Exchange students investigate sustainable development in rice-growing areas in the Pampas agricultural biome
Postado as 01/12/2022 11:32:20
Por Lucas George Wendt
Students Emma Fransson and Tekla Tingström, who were on an exchange program at Universidade do Vale do Taquari - Univates in the first half of 2022, recently published a study that analyzed how activities in rice growing areas in the agricultural biome of the Pampas in Southern Brazil affect the local biodiversity.
The duo's study, a prerequisite for obtaining a bachelor's degree in Environment, Innovation and Sustainability Studies at the University of Halmstad, in southwest Sweden, can be seen by clicking here (in English). The research relates the study of sustainable development and the 2030 Agenda, since it is strongly related to the Sustainable Development Goal 15 - Life on Earth.
The research was carried out at Univates' Laboratory of Ecology and Evolution, coordinated by Professor Eduardo Périco, who supervises the students in Brazil. The laboratory's master's fellows, Pauline Vognach and Cléber Sganzerla, also participated in all the work, especially in field collections and species identification. In Sweden, research was overseen by researchers Antonia Liess and Göran Sahlen, with whom Périco has research partnerships.
To conduct the research, the students used aquatic insects and related richness (number of species), abundance and composition (which species were present) in three different sampling points: organic rice fields, conventional rice fields (with pesticides and fertilizers) and natural wetlands (control areas, with no cultivation). The objective was to verify whether the aquatic insect community varied between areas and, based on the results, to be able to use these organisms as indicators of the degree of anthropization of the environment.
Aquatic insects are considered excellent environmental indicators, as they are organisms sensitive to any anthropic alteration in the environment, especially polluting agents, pesticides and alterations in the surrounding landscape of water bodies.
The Swedish students also related the species of aquatic insects with the physicochemical characteristics of the water. In this way, they managed to verify how the communities of these insects react to pesticides and fertilizers in comparison to areas of organic cultivation and natural areas. The use of pesticides changes the physicochemical characteristics of the water, such as pH, redox potential, free oxygen, dissolved solids, nitrites and nitrates. Data were collected in the field and analyzed at Univates laboratories.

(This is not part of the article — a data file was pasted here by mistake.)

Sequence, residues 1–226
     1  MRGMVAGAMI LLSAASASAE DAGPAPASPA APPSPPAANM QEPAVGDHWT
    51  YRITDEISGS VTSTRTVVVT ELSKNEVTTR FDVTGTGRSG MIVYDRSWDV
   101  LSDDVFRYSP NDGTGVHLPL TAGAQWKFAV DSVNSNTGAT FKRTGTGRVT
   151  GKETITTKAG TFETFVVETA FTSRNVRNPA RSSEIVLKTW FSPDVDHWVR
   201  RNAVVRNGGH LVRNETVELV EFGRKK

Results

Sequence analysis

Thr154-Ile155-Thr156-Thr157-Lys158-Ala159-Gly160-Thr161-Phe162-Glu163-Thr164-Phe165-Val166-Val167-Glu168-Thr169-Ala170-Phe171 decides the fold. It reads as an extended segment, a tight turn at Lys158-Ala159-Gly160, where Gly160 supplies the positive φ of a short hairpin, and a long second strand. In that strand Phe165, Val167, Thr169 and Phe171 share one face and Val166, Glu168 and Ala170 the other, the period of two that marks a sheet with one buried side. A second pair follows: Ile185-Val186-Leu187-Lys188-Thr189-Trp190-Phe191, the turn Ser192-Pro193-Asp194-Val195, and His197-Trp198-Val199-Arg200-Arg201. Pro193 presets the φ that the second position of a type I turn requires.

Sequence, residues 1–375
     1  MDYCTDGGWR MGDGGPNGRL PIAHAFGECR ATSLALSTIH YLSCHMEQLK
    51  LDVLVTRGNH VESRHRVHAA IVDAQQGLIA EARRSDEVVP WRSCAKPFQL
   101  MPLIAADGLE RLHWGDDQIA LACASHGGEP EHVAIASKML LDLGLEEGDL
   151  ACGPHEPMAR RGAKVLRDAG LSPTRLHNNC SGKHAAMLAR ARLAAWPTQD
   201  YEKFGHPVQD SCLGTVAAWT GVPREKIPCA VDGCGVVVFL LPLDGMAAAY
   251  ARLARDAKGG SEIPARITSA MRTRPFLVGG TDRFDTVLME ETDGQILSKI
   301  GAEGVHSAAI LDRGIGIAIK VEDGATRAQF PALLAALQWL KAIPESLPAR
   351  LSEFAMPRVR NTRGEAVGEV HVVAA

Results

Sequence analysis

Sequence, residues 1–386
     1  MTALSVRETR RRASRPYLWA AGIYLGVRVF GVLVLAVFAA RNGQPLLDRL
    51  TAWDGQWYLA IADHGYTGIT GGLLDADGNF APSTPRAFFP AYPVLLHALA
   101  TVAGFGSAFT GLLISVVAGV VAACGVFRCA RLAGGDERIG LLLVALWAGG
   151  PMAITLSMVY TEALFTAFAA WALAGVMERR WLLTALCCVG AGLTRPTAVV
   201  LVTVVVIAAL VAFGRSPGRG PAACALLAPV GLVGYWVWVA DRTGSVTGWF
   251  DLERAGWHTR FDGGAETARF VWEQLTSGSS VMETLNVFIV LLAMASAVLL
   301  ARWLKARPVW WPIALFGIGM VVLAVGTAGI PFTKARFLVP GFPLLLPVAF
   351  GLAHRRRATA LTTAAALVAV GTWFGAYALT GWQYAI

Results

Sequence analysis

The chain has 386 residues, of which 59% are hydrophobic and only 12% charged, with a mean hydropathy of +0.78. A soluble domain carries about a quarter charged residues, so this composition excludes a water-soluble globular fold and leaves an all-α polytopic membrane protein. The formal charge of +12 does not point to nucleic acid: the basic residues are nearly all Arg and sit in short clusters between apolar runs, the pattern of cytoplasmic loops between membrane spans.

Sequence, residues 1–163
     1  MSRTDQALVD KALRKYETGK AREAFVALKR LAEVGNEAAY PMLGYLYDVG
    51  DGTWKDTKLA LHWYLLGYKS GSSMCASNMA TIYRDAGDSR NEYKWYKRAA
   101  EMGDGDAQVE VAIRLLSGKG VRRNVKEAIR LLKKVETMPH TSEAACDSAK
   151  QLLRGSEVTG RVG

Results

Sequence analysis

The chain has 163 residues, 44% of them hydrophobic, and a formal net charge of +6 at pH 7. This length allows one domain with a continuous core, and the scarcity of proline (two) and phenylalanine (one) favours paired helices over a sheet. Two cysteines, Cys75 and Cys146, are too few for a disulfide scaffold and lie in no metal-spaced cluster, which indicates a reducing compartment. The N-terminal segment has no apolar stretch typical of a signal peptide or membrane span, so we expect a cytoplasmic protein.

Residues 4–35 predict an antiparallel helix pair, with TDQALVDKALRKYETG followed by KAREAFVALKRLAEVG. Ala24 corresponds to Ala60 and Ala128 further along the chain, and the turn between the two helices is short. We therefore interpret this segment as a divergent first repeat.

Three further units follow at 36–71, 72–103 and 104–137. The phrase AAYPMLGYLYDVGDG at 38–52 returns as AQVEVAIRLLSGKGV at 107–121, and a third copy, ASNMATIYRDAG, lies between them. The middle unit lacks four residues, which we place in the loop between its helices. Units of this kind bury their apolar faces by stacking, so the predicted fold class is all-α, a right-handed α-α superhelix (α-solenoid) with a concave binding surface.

The results did not show a significant influence of nitrogen on the richness or abundance of insects and nitrite shows a significant influence, but not enough to make significant inferences. The water parameters with the highest correlation with the insect community in this study were pH, redox potential (ORP), conductivity and total dissolved solids. These results indicated that in conventional cultivation (with the use of pesticides and fertilizers) the water became more acidic and with greater conductivity, favoring more generalist insect species, changing the composition of the insect community in relation to areas with organic cultivation and without cultivation ( natural areas).
Both the measured pH value and the ORP are strongly correlated with the chemical state of the water and the insects that live there. A pH value that is too high or too low is not favorable for aquatic insects or water biodiversity, nor is an ORP value that is too low.
The students argue that the focus of agricultural practices must ensure that the basic natural ecological processes remain functional in all Brazilian biomes, such as the Pampa biome, where collections are collected. An alliance between sustainable development and the implementation of food security is needed. Therefore, research is needed in several areas, such as agricultural systems, which may be useful for future generations and environmental well-being, such as conservation and sustainable use of biodiversity.
Tekla thus explains the results. “The main results of the research showed that the biodiversity of aquatic insects differed between locations in relation to water quality. But the results could not prove any significant difference in the composition of aquatic insects in the three growing areas analysed.”
The young woman says that she hopes to be able to continue studying the zones known as wetlands in the future. “In general, sympathy for nature is an essential component of ecological thinking. Human change in land and water use must be an integral part of future agricultural practices, as well as human behavior towards nature in general, both socioeconomic and biological,” she says.
According to Professor Perico, “aquatic ecosystems are one of the most threatened ecosystems in the world due to water pollution, overexploitation and habitat destruction. Despite this, it is the ecosystems that harbor the greatest biodiversity and are responsible for a multitude of environmental services. Freshwater ecosystems are a wealth on which the water security of nations depends. Therefore, the importance of works that identify and prevent the impact of human activities on these environments”.
The Ecology and Evolution Laboratory at Univates frequently receives students from Halmstad University (Sweden). So far, eight Swedish students have passed through the laboratory to develop their final course work in the area of Environmental Sciences.